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TV: W is for...

Wide Awake Club, The

ANTISOCIALLY-TIMED SATURDAY morning child rambunctions and the first proper “hit” kids show to come out of Eggcup Towers. TOMMY BOYD, JAMES BAKER and ARABELLA WARNER were your initial hosts, latterly joined by the delightful MICHAELA STRACHAN and the hateful TIMMY MALLETT. Features included the News In 90 Seconds, recipes from viewers in WAC Snax, historical tales re-enacted with knowing amateurishness in Ghosts, Monsters and Legends, and Talent on the Telly giving airtime to attention-seeking adolescents. MIKE MYERS showed up towards the end to do the Sound Asleep Club. Weekday school holiday spin-off WACADAY was Mallett’s fiefdom, graced by such compulsively awful addictive shlock as Mallett’s Mallet and also Bonk’n’Boob, surely the only kids game show in history to boast not one but two suggestive words in the title. Whole franchise somehow got sunk during TV-am’s industrial strife of 1988, with a couple of subsequent “relaunches” under suspiciously contract-dodging names (WIDE AWAKE, WAC ’90) a poor epilogue.



  1. Paul Gatenby

    May 9, 2010 at 10:51 pm

    Also featuring the Transformers cartoon, which guaranteed it the rapt attention of 9 year old boys throughout the country, even if it was often still dark when it was on.

  2. Applemask

    May 10, 2010 at 8:15 pm

    I said it in my TV-am documentary and I will say it again: Timmy Mallett is great.

    • Joanne Gray

      March 1, 2017 at 8:54 pm

      He did a spot on TVAM on the week’s pop charts and seemed to have an aversion to Spanish pronunciation because he would always call Madonna’s hit song La Isla (pronounced “Issla” – and repeated several times in the song, ffs!) Bonita as “La Eyela (sic) Bonita – every sodding time! For weeks on end – really ” peyed” me off! Self-important tit of a man!

  3. David Pascoe

    May 13, 2010 at 4:06 pm

    Timmy Mallet may not be to everyone’s taste, but he played the “We’re a bit mad round here!” card as if his life depended on it and did so without a trace of cynicism or fear that he would look stupid. A much under-appreciated kids TV host who gets flack because he dressed himself up in a textbook “awful 80s” way.

  4. Matthew Rudd

    May 14, 2010 at 9:13 am

    Some kid mistakenly wrote to Points Of View about the Wide Awake Club and the letter was used just so Barry Took could take the piss about the correspondent not knowing the difference between ITV and the BBC.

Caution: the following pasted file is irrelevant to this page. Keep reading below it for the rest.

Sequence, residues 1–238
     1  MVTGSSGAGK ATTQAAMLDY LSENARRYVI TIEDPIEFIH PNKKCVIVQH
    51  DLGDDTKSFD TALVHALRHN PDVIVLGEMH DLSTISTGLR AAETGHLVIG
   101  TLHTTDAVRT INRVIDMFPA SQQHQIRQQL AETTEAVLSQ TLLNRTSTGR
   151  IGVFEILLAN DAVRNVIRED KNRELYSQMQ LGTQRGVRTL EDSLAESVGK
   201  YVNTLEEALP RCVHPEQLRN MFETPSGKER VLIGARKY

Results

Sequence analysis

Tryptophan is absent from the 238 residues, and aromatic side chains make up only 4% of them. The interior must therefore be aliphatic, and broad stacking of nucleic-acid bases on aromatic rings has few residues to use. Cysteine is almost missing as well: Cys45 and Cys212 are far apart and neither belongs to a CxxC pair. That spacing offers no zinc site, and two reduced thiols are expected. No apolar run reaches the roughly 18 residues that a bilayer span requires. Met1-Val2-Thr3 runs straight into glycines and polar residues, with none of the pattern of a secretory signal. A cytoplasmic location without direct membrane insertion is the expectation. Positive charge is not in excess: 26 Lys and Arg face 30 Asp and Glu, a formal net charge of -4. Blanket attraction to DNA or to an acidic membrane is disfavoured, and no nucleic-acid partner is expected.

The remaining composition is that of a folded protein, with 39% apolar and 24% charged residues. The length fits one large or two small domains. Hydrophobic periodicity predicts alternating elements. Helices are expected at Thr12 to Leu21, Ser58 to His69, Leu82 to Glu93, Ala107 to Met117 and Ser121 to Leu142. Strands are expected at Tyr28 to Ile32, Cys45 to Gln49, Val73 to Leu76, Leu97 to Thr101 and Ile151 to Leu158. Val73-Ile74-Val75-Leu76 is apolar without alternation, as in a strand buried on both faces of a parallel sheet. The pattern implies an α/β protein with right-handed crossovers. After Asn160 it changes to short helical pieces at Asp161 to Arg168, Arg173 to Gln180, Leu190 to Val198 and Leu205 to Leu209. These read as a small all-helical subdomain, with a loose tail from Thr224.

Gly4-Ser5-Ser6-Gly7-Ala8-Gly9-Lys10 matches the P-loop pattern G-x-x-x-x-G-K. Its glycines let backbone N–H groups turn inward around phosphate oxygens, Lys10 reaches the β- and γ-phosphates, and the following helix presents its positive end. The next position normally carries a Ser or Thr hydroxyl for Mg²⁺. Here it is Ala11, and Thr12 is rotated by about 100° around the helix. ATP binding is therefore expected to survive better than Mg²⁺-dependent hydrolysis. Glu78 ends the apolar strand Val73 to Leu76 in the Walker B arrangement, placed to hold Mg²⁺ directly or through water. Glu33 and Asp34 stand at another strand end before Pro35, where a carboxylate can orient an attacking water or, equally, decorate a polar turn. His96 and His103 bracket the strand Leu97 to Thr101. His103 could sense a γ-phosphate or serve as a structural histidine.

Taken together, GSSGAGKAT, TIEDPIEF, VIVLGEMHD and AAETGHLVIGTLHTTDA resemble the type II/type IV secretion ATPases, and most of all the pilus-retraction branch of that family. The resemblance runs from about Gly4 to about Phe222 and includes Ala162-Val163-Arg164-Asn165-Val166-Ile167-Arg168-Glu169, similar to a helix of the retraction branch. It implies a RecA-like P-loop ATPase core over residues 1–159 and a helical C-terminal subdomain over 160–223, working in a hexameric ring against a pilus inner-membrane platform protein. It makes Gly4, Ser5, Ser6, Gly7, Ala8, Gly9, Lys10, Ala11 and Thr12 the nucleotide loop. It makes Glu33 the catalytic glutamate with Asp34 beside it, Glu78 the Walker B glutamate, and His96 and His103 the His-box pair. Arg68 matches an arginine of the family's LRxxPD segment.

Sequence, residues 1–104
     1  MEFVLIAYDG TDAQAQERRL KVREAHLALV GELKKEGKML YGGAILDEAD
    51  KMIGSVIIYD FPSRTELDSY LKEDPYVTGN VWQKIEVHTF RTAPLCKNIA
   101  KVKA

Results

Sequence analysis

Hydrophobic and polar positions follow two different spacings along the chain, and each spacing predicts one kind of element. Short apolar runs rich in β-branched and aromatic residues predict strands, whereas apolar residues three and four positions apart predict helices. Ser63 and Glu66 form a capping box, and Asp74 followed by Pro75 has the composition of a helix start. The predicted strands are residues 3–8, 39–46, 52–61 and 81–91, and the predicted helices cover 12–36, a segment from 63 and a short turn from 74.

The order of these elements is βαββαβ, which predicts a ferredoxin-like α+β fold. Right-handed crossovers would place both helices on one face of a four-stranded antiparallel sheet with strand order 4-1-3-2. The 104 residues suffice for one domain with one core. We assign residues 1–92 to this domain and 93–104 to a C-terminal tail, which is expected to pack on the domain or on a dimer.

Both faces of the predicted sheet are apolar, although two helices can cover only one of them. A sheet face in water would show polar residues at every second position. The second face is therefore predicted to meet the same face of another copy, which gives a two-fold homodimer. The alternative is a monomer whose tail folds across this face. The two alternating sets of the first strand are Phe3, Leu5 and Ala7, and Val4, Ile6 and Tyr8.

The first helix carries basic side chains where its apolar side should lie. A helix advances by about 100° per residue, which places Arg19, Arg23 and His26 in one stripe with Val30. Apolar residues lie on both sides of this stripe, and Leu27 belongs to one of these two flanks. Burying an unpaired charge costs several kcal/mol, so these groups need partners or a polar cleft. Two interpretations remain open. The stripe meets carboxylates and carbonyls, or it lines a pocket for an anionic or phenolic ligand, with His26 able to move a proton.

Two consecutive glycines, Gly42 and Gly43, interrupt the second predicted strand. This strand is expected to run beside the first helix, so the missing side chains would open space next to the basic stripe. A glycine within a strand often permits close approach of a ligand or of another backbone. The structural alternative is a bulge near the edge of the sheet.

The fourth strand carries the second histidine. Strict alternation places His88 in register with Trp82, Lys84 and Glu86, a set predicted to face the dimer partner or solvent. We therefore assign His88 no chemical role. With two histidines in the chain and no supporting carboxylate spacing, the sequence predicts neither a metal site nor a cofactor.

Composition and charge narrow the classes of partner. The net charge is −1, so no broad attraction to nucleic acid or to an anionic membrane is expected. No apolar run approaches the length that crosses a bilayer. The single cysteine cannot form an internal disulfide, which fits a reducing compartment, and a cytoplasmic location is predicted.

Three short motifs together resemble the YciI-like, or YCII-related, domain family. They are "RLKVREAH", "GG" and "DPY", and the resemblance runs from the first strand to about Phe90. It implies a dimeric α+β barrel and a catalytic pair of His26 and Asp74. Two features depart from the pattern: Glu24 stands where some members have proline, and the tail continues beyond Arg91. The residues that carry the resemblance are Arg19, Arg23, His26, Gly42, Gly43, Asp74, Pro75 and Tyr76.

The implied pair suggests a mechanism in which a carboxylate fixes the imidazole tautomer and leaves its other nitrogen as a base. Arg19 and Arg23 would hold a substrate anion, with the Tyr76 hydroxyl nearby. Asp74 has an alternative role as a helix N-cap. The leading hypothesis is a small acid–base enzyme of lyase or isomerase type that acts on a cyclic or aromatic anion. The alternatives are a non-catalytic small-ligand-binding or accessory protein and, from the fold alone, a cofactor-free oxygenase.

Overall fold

5. televisualcabbage

    May 14, 2010 at 1:04 pm

    Harsh, but fair on Mr Took’s part…

    But then again though, in the kid’s world TV-AM was presented by Frank Bough, up was down and left was purple…

    Though Barry was always a favourite, popping into Noel’s Swaparama from time to time. A kindly Uncle-type worthy of praise every time.

  6. Paul Bovey

    July 21, 2011 at 9:40 am

    Bizarrely, my most prominent memory of this is a Christmas edition with Tommy Boyd introducing the cartoon M.A.S.K. to the tune of ‘Deck The Halls’.

  7. Matty

    September 4, 2012 at 6:28 pm

    Timmy Mallett was a lot of fun when you’re about eight but exactly the sort of childrens’ entertainer nobody wants to own-up to having liked when they’re about twelve (in contrast to, say, Dick & Dom or Trevor & Simon). I think that was probably because there was absolutely bugger all for students and other adults to enjoy “ironically” or which was working on different levels: he was just a silly kids’ programme presenter and he clearly loved doing it, although his clothes were f**king dreadful even by the standards of the time.

    W.A.C. itself I have fairly fond memories of, probably more so than other Saturday morning kids’ shows of the era. Didn’t it start at about seven in the morning or something, or is that just me misremembering?

  8. Richardpd

    June 18, 2023 at 3:04 pm

    It was worth watching for the cartoons & other inserted programming, which during the TV-AM strike were promoted to cover for the lack of live programming. They managed to get the cartoons of the competing franchises of Transformers & Gobots, among the older fare like Batman & Flipper.

    They music slot was my introduction to The Housemartins & Suzanne Vega, along with Bros singing I Owe You Nothing ages before it was a hit, because it flopped the first time it was released.

    WAC seemed to have a good relationship with the Hit Factory, with Sinitta appearing a few times & her So Macho being used as backing music on The Bed Making Competition anytime it was slightly fitting.

    Another highlight was calling up the Number 73 presenters towards the end of each show.

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